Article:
I have always said single parents are my heroes. Their ability to work full-time, raise their children, and provide for their children is amazing and inspiring. Every now and then, as a military wife, I am challenged to be a, “geographically single parent,” but I know those times have limits on them, and even on the most challenging days, there is the light at the end of the tunnel, reminding me my spouse will be home.
The word for today is:
As a mother, where would I be without my support?!
This past week, I received the referral to have my son’s speech evaluated – his “g” and “ck” sounds are not crystallizing and therefore, his articulation is still off. I spent the better part of the two nights leading up to the evaluation obsessing, my anxiety reaching elevated levels over my irrational fears. I knew my fears were irrational, but my head and heart refused to connect, and therefore much time was spent on breathing techniques and monitoring other physiological techniques to lower my stress. Thankfully, the evaluation indicated what I had logically surmised – intervention will need to only be minimal.
While I reached out to friends and family who knew my anxiety levels, and knew how to lend their support to me, I marveled at how blessed I was to have support. I was, and am, blessed to have a fantastic support system – between my husband, my family, and my friends (civilian and military alike).
I can only imagine single parents need an army of supporters in their corner, in addition to relying heavily on their own emotional strength, fortitude and dedication to their role as parent.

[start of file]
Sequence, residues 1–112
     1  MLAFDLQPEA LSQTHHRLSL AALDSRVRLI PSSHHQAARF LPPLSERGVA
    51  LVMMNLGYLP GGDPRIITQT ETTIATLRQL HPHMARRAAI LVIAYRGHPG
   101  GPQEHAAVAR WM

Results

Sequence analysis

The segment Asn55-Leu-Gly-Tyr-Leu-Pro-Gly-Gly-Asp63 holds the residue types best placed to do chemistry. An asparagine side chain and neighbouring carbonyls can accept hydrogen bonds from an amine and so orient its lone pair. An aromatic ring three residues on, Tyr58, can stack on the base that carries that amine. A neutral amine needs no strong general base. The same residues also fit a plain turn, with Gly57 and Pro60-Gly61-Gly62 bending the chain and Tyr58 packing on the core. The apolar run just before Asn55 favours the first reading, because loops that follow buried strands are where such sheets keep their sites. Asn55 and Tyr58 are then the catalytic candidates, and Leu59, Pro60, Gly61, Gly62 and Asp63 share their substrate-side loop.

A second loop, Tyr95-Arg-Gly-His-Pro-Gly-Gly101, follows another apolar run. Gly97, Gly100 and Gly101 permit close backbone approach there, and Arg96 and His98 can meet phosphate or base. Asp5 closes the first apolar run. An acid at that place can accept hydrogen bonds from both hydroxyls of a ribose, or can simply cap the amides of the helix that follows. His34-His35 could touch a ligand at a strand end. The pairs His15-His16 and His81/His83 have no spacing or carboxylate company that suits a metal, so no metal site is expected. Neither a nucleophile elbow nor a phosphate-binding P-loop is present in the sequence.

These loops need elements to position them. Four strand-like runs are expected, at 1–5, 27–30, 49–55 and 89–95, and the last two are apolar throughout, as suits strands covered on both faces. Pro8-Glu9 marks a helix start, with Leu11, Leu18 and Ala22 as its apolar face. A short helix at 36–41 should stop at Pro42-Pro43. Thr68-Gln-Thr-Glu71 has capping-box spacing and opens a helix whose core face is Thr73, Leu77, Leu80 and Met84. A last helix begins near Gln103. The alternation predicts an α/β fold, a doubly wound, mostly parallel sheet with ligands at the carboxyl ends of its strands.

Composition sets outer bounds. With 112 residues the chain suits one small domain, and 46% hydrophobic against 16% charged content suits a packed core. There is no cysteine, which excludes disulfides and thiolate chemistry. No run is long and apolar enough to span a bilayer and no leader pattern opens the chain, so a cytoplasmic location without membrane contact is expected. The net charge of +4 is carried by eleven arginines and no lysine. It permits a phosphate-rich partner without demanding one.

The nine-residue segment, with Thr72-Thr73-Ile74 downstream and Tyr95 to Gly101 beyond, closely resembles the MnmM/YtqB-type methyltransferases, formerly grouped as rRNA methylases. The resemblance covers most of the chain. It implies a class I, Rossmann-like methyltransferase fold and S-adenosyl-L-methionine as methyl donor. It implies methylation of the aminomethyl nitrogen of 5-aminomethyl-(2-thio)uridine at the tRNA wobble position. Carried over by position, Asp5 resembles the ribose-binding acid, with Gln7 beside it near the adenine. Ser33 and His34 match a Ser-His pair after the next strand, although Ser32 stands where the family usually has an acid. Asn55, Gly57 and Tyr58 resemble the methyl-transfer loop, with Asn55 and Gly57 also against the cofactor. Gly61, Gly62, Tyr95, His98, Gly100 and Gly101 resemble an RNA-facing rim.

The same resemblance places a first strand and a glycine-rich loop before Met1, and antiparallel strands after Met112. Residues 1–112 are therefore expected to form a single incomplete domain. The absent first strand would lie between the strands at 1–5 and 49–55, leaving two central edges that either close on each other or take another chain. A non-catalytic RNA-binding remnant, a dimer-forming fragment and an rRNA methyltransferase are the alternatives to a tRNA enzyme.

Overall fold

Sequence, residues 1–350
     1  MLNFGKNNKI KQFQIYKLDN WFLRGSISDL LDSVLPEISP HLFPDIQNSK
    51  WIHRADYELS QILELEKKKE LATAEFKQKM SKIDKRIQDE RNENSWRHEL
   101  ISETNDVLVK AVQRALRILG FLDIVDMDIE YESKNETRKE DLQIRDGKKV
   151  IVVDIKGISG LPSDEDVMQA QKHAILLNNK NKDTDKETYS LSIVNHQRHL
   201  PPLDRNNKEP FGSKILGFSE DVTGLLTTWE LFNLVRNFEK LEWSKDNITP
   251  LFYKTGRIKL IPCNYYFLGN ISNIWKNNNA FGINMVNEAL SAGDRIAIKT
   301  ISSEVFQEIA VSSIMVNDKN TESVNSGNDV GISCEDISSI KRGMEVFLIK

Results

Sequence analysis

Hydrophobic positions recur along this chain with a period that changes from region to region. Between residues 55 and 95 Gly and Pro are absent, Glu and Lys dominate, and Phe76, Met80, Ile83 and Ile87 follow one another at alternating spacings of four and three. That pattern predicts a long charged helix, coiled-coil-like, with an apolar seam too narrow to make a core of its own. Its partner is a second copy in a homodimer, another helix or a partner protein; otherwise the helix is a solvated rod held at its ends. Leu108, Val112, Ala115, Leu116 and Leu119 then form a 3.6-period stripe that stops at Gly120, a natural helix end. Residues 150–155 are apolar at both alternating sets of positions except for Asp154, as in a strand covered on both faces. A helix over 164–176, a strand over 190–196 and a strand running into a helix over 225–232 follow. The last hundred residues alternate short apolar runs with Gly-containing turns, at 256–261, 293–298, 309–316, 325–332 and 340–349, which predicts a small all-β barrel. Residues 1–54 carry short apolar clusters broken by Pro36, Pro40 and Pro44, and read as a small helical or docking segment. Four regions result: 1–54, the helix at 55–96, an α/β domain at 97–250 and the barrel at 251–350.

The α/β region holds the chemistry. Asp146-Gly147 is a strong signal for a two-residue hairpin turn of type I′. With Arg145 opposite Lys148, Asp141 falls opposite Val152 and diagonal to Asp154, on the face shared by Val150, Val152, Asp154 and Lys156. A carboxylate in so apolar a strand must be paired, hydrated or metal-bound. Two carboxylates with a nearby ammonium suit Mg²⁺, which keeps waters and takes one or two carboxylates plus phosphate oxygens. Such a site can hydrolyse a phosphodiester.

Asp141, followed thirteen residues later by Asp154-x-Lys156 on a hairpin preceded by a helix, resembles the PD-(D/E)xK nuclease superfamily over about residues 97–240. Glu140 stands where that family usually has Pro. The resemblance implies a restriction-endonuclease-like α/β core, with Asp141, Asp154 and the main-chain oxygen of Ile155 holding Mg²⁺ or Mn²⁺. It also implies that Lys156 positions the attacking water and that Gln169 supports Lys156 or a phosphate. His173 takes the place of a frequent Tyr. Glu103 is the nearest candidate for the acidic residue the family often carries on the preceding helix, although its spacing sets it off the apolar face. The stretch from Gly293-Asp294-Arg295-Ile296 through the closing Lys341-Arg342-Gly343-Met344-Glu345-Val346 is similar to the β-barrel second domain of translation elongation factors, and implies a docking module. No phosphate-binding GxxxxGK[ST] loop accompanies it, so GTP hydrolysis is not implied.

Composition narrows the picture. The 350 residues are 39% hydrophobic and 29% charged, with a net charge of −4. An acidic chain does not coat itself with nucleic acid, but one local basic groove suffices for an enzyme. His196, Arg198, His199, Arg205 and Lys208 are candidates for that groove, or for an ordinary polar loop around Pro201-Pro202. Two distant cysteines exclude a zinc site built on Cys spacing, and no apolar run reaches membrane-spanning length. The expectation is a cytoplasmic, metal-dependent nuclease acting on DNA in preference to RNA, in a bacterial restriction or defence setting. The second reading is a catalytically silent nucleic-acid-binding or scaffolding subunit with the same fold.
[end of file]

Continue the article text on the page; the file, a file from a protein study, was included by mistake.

Mommy wars are real – there is such an intense focus on mothers judging each other, trying to outdo each other, and trying to compete.
Yet, support is so crucial to successful mothering! And, nowhere should we be able to draw more experience, more variety, and more assistance than a pool of other mothers!
I have heard from more seasoned former Army wives recently about how us “younger women,” have built and cultivated a much stronger support system than they had when their husbands were in the military. Yet, we still have much more work to do – both in the military communities, and in our civilian communities.
What would our society be like, if we met other mothers on their path of motherhood, and lifted each other up, encouraging each other?
How would we look, as mothers, if we could support each other emotionally on this parenting journey?
Even Mary traveled to her cousin Elizabeth, to offer support and love to John the Baptist’s mother, during both women’s pregnancies.
Is it possible for us to take a cue from the ultimate mother, in extending our hands, and our hearts, to support other mothers?